Bun E Carlos sues Cheap Trick

Sidelined: Bun E Carlos with Cheap Trick
Estranged Cheap Trick drummer Bun E Carlos has sued the rest of the band for hundreds of thousands of dollars, saying they have no right to keep using the band name without him.
He’s joined in the action by former manager David Frey, who says he’s still owed money for covering the band’s costs after the 2011 stage collapse which destroyed their equipment.
Carlos claims his ex-colleagues failed to stick to an agreement that saw him removed from the lineup while remaining a full member of the band for business purposes.
He was sidelined in 2010 and replaced by guitarist Rick Nielsen’s son Daxx, in circumstances which have never fully been explained. Cheap Trick said at the time: “Bun E Carlos is not currently the touring drummer for Cheap Trick. Bun E remains a band member. Everyone is healthy and Cheap Trick will continue to tour as planned.”
Last year the drummer admitted he hadn’t spoken to Nielsen, Robin Zander or Tom Petersson in some time, adding: “Solely as an accommodation to some of the band members I reluctantly agreed to take a temporary hiatus from touring. The other members have never seriously talked to me about leaving the band permanently.”
He was incensed after the band recorded a track for the Special Olympics without him, and said he’d consider legal action.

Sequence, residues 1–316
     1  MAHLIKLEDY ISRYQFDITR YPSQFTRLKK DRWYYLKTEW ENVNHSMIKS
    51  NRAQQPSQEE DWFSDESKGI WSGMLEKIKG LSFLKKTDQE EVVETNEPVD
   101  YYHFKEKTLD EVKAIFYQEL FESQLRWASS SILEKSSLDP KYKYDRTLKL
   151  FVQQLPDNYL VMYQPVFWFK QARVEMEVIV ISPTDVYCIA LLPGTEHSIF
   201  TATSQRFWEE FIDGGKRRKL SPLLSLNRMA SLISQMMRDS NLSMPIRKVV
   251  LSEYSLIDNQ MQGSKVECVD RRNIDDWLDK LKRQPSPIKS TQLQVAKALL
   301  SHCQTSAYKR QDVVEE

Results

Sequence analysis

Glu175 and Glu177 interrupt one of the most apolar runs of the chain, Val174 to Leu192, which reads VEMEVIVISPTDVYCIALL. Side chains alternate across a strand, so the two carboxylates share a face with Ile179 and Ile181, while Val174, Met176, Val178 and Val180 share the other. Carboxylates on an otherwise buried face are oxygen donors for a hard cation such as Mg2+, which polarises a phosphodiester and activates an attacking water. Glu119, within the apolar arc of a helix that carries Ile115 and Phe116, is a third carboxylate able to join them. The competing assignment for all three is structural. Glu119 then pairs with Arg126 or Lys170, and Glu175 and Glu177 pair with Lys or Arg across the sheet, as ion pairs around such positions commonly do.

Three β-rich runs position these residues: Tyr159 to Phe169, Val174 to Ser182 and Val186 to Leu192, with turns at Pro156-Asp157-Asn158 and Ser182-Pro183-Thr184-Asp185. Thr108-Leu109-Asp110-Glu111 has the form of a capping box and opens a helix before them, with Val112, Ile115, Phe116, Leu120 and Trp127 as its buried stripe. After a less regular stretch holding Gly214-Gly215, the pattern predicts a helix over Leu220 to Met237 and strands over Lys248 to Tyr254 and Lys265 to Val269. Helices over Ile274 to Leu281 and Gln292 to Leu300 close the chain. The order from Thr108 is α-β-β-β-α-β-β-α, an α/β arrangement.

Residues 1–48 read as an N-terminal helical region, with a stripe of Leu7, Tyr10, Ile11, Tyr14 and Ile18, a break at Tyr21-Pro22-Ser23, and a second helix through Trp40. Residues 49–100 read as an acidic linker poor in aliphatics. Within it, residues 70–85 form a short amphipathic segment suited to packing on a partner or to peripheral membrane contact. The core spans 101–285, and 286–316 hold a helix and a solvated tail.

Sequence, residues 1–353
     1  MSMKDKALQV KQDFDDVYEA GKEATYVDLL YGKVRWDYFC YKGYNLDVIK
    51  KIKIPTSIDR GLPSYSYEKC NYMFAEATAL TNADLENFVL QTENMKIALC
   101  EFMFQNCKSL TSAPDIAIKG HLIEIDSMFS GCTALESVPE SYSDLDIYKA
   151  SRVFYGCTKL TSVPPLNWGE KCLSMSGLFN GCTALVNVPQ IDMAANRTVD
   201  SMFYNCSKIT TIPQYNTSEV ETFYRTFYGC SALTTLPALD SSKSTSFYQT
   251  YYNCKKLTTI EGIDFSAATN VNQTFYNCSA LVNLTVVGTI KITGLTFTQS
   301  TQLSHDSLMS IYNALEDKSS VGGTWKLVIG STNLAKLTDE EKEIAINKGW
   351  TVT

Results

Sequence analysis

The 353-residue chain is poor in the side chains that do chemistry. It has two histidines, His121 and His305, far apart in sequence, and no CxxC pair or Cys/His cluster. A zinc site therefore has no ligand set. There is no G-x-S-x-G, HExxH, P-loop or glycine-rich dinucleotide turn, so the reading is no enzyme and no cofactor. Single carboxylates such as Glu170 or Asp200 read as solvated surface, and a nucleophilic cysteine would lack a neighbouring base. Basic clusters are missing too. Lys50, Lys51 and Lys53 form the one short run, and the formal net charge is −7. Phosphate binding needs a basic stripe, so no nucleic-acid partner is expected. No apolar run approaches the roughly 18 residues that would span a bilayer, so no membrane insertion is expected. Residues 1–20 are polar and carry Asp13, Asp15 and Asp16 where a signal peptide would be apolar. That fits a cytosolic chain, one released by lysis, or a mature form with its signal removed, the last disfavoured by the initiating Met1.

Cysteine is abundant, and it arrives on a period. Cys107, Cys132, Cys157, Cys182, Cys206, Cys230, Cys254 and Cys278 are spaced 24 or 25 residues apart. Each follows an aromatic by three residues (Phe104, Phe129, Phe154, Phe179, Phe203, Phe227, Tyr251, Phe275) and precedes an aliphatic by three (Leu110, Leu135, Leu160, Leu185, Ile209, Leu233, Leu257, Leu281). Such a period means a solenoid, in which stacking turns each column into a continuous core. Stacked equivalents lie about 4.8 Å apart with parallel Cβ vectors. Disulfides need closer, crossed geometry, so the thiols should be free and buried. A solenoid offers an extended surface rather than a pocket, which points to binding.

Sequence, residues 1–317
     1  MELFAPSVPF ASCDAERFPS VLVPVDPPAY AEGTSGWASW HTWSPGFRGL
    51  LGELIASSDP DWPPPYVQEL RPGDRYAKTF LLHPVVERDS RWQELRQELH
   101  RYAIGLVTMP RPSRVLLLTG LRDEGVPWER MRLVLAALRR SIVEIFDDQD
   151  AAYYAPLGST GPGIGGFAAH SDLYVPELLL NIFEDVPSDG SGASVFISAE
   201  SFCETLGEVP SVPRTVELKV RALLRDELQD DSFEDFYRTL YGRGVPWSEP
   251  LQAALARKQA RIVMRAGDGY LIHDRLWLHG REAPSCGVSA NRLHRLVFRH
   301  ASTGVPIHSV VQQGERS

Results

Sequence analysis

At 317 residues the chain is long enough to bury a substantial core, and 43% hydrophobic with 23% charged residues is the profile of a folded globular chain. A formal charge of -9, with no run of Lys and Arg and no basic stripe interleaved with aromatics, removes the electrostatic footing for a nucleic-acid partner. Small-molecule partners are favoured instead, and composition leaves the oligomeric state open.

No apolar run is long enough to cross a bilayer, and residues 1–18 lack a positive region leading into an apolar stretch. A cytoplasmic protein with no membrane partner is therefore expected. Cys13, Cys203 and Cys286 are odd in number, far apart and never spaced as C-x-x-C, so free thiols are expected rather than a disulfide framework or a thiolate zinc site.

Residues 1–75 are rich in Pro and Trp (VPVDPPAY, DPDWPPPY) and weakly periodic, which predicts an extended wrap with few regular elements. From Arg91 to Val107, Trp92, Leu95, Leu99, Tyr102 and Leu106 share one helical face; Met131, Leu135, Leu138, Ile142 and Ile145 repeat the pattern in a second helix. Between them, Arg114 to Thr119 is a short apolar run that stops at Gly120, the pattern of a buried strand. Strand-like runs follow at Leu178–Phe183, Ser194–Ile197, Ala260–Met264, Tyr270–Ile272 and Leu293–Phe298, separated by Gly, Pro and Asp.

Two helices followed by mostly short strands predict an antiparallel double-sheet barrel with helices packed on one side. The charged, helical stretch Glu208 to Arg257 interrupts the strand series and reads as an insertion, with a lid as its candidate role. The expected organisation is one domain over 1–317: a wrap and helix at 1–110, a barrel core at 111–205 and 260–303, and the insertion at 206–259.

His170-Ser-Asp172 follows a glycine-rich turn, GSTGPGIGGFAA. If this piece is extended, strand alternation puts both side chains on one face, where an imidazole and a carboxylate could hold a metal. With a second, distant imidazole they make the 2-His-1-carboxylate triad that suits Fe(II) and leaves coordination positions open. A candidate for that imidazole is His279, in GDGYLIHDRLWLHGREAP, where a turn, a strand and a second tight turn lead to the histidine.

Now he and Frey have filed legal papers at Cook County Court, in which they say: “Plaintiffs are forced to bring this action against the three Defendants due to defendants’ outright refusal to account for, or pay, hundreds of thousands of dollars which are owed to each of the Plaintiffs, or to otherwise comply with their obligations to Plaintiffs.”
They allege that an agreement with Carlos meant he’s entitled to “receive all remuneration that would have been paid to him had he fully performed, without delay, penalty or offset.”
Frey says he advanced Cheap Trick nearly $400,000 via his credit card to cover the costs of replacing lost equipment following the Ottawa Bluesfest incident two years ago.
He alleges that $71,000 was still owed when they fired him, and while they sent a cheque to cover the amount, it bounced – and since then they haven’t taken any further action to resolve the debt.
The court papers continue: “Defendants have failed to provide any justification whatsoever for the wrongful actions which they have perpetrated against the Plaintiffs. These acts are plainly unjustifiable, not to mention unconscionable.
“Enough is enough. Defendants should be ordered to account for and pay Plaintiffs all the money they are owed, and to compensate for their acts of self-dealing and other corporate misfeasance.
“The Court should also enjoin Defendants from further misuse of the trademarks and other assets of the Cheap Trick Companies, and grant other appropriate relief.”
Source: Courthouse News